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Thread: Red Deer Measurements for Rangefinding

  1. #1

    Red Deer Measurements for Rangefinding

    Hi All

    slightly random question but I am after approx. measurements of a red hind and stag (more usefully hind), for working out some range finding calcs with the reticle my scope. measurements that would help are length of ears from tip to base, tail to chest, shoulder to underside of flank etc. I haven't ever measured and won't see any more in the larder to measure for a while.

    I have realised how bad my rangefinding is particularly in the snow and over open hill, and want to try and work out how I can use my Duplex to deal with this.

    Alternatively sell me a cheap rangefinder!

    thanks for any help offered


  2. #2
    First of all, you need to have a duplex with an opening which corresponds to something meaningful, like 30 inches at 100 yards at 9x.
    Next, you need to set your scope on a power that is useful for hunting, and know what the horizontal gap is at that power.
    Deer size varies, so you need to learn to range off smaller, inanimate objects, like trees, rocks, road track widths, and fence posts.
    A reticle with finer graduations, like Mil Dot or G2, is going to be best.. or a monocular ($100 USD) or binoculars ( 7x50 marine $200 USD) with ranging stadia.

    But it is easy to train the eye to recognize ranges very well out to 200 or 300 yards.
    Practice ranging with your finger width, two fingers, etc - plenty of how-to in Scout and military manuals, and online.

    And the truth be known that, if you zero something like a .308 at 200 yards, you are only 2 inches high at 100 yards, making it very easy to not worry much on shots inside 225 yards, and all the hold under is at the easiest distance, 100 yards.

  3. #3
    I find ranging by size very tricky

    I shot a roe doe once that I was pretty confident was at around 150yds.
    turned out it was just shy of 200 and very big!

  4. #4
    Thanks both. As I have secured a Lisenfeld variable (Bewsher I recall you are a fan!) at a good price rather than going top end German / Hungarian I have some change for a rangefinder. I think that will be the solution following your comments.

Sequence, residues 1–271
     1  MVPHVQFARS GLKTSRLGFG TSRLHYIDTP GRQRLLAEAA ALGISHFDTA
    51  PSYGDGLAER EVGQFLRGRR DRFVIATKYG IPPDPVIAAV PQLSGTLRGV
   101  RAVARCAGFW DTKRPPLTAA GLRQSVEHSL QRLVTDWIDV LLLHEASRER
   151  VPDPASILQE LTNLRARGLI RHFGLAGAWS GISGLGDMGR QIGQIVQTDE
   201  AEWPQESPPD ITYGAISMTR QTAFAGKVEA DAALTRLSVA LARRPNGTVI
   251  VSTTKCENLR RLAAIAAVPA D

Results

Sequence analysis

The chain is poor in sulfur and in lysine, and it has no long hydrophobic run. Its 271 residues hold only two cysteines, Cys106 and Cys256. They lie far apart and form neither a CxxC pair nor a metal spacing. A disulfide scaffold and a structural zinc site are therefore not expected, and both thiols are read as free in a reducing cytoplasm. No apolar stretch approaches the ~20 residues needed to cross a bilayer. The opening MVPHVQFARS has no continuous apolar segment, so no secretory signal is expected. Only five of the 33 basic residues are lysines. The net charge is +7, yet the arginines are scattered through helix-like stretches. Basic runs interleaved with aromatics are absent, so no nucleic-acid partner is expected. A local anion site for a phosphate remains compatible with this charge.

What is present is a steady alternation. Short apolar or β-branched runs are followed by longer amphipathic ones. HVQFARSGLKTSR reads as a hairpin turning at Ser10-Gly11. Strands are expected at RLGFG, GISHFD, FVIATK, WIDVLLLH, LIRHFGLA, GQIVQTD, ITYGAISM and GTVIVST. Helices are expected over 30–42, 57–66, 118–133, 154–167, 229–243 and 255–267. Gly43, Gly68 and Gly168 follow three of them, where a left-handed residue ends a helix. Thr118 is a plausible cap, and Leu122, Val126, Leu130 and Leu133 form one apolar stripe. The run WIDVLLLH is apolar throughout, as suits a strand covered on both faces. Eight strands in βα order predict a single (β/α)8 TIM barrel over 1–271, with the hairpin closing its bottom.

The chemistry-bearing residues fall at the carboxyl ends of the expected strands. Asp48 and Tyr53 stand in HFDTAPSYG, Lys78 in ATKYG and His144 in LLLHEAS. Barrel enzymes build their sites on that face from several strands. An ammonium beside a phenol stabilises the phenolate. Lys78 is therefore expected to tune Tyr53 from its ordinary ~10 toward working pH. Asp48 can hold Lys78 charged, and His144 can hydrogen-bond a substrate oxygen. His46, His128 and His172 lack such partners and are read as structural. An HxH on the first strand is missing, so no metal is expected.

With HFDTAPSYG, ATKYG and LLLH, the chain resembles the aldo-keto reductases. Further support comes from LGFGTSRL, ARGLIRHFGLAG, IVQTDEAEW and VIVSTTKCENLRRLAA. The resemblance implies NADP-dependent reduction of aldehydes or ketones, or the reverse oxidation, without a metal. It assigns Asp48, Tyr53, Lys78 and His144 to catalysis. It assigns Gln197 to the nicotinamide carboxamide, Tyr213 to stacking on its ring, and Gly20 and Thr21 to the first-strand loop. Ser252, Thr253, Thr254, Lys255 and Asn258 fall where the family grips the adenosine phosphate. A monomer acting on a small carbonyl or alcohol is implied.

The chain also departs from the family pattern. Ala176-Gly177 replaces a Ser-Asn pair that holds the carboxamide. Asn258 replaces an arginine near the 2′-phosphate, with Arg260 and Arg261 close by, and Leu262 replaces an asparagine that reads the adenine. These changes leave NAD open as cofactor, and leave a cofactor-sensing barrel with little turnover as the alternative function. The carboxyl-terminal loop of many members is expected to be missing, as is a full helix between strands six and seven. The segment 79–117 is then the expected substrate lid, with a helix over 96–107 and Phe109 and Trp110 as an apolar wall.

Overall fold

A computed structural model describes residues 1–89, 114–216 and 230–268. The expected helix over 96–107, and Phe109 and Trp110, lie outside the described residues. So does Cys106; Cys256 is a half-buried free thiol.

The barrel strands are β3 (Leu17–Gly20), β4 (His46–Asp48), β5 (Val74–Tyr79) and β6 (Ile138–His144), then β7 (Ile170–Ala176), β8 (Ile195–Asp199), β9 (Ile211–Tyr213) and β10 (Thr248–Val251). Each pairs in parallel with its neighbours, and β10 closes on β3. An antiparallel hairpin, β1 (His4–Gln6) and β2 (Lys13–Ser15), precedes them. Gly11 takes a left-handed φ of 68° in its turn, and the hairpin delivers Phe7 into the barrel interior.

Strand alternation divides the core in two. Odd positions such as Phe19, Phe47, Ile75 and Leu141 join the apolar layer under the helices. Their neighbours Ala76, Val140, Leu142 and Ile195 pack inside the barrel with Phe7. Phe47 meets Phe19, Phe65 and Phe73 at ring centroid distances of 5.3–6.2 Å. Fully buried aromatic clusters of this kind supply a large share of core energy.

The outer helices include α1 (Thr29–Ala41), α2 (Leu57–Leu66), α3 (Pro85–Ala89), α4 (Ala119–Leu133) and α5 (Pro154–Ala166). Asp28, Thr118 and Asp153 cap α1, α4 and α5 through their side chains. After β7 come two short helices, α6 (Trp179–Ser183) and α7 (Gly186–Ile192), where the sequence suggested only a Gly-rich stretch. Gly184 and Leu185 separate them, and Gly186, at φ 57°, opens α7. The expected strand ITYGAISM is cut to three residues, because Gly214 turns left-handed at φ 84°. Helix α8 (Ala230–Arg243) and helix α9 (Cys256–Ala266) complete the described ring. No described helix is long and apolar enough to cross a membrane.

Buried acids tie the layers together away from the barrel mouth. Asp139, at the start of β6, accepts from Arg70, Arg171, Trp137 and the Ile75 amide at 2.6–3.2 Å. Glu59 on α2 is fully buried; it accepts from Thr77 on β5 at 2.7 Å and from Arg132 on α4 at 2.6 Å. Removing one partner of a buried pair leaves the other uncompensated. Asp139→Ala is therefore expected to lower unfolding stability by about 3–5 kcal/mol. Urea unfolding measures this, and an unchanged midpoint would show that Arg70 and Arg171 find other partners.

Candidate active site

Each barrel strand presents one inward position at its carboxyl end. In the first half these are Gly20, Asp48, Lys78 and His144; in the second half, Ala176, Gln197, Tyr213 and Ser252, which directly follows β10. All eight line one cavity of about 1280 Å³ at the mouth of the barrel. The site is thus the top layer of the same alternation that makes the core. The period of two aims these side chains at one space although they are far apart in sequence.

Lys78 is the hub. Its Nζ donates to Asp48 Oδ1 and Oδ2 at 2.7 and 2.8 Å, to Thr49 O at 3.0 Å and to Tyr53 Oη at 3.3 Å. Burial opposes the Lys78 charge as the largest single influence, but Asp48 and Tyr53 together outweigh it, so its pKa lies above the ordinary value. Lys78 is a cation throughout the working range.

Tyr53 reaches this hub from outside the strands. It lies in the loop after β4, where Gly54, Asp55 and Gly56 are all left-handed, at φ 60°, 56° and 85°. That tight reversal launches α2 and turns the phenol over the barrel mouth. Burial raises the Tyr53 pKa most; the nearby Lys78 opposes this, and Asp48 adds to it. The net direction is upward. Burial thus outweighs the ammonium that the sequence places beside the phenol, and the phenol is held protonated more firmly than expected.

I find judging distance reasonably OK over good old southern English pasture, but highland I just cant get right. My shooting is much improved and as my comfortable range has extended(I don't mean ridiculous before I get heckled), so has the margin for rangefinding error.

  5. #5
    Quote Originally Posted by bewsher500 View Post
    I find ranging by size very tricky

    I shot a roe doe once that I was pretty confident was at around 150yds.
    turned out it was just shy of 200 and very big!
    This is why I try to use a something of less variable size, like a fence post or the width of a road track. If there are trees of about the same size, I stop and gauge one. Then, when I see the edge of a similar forest across a field or cut, I can use the scope to measure it, knowing it is close to 18 or 20 or 24 inches wide.

    My zero has less than 1 inch difference off the sight between 150 and 200 yards, so it is in the hold dead on zone.

    This is where iron sights are useful for ranging. One does not need to be as precise in battle, and I hope this offends no one: The M1 Garand, M14 and M16 have ears which are precisely about 20 inches inside at 250 yards. The battle zero is 250 yards, so you frame and hold dead on. If there is a little daylight, you hold on the head. If the target is half the sight, it is 500 yards, so you dial up the rear 10 clicks and hold dead on.

    In hunting, you can use the front sight blade to pretty closely measure a squirrel, rabbit or deer at the zero range of your rifle.

    For a cheap range-finder, buy a clear ruler and cut it down to 6 inches. Hold it at arm's length, and measure the target. Knowing the sight radius from your eye to the ruler, you can scale out and measure the range as close as you can shoot in the field.

  6. #6
    Some very good info passed on there.

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